Your wayfinding design should probably match the look of your brand. If not, you at least don’t want things to clash. Look at the actual spaces the displays will be in. Do you really want to use that shade of blue on displays in a room painted orange? The interactive maps can also mimic the look of your facility and interior décor. Are your floors color-coded? If so, think about mirroring that on the maps. This will make actually navigating the space easier for visitors.

You don’t have to design your look – just be able to communicate your brand standards and design preferences to the vendor. Having some sample images of wayfinding you like on hand can really help the designer to know your tastes.

7. Focus on the Visitor Experience
What will people see when they first approach the display? That’s going to make a first impression that could determine how willing they are to use your wayfinding. Reduce the number of steps needed to get the information people want – if someone has to go through five different levels of information to find a conference room, they’ll probably just give up and ask somebody (which defeats the purpose of your digital wayfinding).

Consider using a timeout screen that resets to a sort of home page when the screen has been inactive for a set amount of time. This helps standardize that first impression, plus prevents image burn-in on your screens.

Make sure that the way you label things on your interactive maps is the same as the actual spaces. If a room’s door calls it “Conference Room 1”, then say that on the map as well, and not “Room 1”. One thing that’s certain is that you want everything you show visitors to be consistent. You are essentially training them to use your wayfinding system as they use it, so make sure it all makes sense together.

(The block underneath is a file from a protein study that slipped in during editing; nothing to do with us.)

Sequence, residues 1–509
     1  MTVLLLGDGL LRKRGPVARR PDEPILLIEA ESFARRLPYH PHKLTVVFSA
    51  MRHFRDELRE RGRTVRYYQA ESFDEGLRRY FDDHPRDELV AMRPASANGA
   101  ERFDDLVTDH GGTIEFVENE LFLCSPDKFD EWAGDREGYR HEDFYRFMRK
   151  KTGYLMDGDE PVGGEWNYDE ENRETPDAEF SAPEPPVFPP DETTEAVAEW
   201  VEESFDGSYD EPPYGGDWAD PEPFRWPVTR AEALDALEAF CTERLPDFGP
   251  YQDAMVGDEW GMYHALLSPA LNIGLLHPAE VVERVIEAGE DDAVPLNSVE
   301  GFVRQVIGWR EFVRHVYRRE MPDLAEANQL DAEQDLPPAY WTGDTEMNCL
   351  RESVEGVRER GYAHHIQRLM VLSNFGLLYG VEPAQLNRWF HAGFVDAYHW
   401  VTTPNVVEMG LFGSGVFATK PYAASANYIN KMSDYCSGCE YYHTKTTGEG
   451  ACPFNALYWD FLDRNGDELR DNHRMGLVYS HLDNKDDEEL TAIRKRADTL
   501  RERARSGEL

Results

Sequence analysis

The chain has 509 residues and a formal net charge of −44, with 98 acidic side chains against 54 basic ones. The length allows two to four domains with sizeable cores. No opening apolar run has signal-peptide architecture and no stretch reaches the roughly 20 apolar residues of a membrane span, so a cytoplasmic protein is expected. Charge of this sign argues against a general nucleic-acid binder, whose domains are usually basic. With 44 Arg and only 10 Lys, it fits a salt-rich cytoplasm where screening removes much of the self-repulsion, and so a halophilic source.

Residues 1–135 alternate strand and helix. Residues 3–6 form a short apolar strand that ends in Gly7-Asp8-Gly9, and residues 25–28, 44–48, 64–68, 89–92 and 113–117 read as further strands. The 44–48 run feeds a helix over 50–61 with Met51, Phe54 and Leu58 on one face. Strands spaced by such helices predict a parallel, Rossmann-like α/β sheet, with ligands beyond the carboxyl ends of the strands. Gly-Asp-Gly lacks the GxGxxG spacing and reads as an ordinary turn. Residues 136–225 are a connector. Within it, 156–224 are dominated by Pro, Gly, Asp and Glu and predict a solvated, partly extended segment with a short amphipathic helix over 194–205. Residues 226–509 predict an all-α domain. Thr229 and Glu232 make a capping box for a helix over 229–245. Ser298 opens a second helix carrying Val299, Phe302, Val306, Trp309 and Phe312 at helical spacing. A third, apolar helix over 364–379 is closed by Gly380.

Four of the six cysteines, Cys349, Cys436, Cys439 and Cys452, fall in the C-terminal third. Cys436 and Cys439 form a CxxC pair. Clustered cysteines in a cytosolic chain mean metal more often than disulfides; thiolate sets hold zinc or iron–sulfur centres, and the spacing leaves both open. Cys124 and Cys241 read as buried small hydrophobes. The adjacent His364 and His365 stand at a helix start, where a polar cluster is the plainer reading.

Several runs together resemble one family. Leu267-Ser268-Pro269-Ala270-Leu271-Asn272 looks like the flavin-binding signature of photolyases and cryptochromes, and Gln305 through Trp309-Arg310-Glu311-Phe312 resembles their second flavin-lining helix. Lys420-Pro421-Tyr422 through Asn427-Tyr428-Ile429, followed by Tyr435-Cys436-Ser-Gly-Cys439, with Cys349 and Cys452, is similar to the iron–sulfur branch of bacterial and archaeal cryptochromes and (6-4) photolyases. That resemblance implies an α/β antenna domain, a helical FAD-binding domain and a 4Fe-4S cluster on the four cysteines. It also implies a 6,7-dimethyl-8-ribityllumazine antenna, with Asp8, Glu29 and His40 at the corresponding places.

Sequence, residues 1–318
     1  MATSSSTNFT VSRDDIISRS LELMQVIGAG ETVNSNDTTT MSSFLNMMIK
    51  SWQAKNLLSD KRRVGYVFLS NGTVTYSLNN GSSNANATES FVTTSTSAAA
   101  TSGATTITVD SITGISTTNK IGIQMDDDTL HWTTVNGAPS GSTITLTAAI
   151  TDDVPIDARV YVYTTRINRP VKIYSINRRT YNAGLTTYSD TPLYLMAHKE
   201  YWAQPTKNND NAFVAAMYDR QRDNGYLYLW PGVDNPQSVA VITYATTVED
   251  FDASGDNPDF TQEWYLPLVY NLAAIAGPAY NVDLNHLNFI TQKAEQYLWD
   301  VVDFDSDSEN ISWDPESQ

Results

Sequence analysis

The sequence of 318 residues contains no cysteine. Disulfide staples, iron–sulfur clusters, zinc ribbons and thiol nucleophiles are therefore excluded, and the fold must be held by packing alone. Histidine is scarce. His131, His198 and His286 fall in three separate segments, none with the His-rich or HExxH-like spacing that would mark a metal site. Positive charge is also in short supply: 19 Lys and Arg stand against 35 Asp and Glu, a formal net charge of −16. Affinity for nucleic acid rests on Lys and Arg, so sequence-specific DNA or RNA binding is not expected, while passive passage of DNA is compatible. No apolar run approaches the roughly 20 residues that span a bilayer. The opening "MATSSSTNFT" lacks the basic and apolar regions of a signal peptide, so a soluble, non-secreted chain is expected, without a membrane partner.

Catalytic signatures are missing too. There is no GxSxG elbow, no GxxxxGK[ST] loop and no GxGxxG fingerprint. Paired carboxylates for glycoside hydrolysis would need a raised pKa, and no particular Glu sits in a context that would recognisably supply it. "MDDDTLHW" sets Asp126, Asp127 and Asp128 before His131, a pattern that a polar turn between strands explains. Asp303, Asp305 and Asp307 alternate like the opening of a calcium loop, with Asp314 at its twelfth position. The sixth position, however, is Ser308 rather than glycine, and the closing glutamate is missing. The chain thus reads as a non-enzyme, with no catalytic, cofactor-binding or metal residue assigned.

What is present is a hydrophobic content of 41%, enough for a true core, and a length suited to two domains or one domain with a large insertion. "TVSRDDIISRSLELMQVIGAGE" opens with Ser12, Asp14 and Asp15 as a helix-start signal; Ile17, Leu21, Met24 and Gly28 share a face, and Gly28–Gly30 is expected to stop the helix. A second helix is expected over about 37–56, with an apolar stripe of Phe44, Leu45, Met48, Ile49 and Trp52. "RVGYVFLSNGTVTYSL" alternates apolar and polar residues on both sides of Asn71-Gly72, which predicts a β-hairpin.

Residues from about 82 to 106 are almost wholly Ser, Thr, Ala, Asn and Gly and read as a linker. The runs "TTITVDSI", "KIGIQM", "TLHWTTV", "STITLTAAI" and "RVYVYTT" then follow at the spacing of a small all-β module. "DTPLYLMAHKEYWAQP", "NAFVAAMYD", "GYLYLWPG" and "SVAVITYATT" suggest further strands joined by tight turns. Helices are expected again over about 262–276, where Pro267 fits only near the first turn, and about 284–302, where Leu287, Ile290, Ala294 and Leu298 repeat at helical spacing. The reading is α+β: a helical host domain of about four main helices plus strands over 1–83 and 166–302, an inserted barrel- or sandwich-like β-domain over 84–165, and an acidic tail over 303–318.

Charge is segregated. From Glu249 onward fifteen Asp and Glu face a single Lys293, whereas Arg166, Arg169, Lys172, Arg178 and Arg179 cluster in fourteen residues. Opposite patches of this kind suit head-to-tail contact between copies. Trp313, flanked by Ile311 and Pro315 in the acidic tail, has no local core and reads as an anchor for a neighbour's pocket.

8. Prep Your Maps
Maps will often be CAD or vector files, but you will probably have to turn off layers that you don’t need (like electrical wiring). Only show information people need to get to where they’re going.

Think about what kind of map designs you want. Many places are using 3D design these days, and this looks great. But if you have a lot of rooms of locations, it can quickly become cluttered looking and overwhelming to the eye. In that case, maybe think about flat design instead. You can also have options on screen to switch between 2D and 3D. Remember that the look you use should be all about making the wayfinding easy.

Also, consider how many maps you need based on a typical visitor’s route. Do they just need to see the floors for the building they’re in, or might a campus map be useful for going building to building?

9. Plan Routes
So, what will the map show? You could use indicators – one for point A (“you are here”) and another for point B (where they are going). But maybe it’s better to show the actual route using a static or animated line. And once those indicators or routes are displayed, what happens to the rest of the map? One option is to just add the A-to-B graphics to the map, but you could also have the non-essential information “ghost out”. Or have points A and B flash.

What happens if someone has to change floors to get to point B? This is one place where having an animated route path can really be useful: the path goes from point A down the hallway to the elevators, waits a moment (maybe flashes twice), then the screen changes to the correct floor and the path continues until it gets to point B.

10. Consider Takeaways
What happens when someone walks away from the screen? Do you want to duplicate your wayfinding on the web, or let people download maps and other information to their mobiles? If so, you can include a QR code on your maps that leads to a webpage, PDF or HTML5 version of the entire wayfinding project that will size to their screen.

If directions can get complicated, consider including an SMS option that will text turn-by-turn directions to the visitor after they choose their path.

Once you’ve done all this work with input from all stakeholders, you need to create a detailed project spec to present to vendors. Once you’ve chosen a designer, worked through several stages of concepts and created your wayfinding project, you still have to implement it, test it, adjust it and then test it again. Only then will you be ready to go live.

Without a detailed planning stage, you’re in for some serious headaches as unanticipated issues crop up and cause you to spend more resources and time dealing with them. Of course, there will always be surprises during the process (that’s why you test several times), but chance favors the prepared mind. So, prepare yourself by coming up with a comprehensive plan before you do anything else.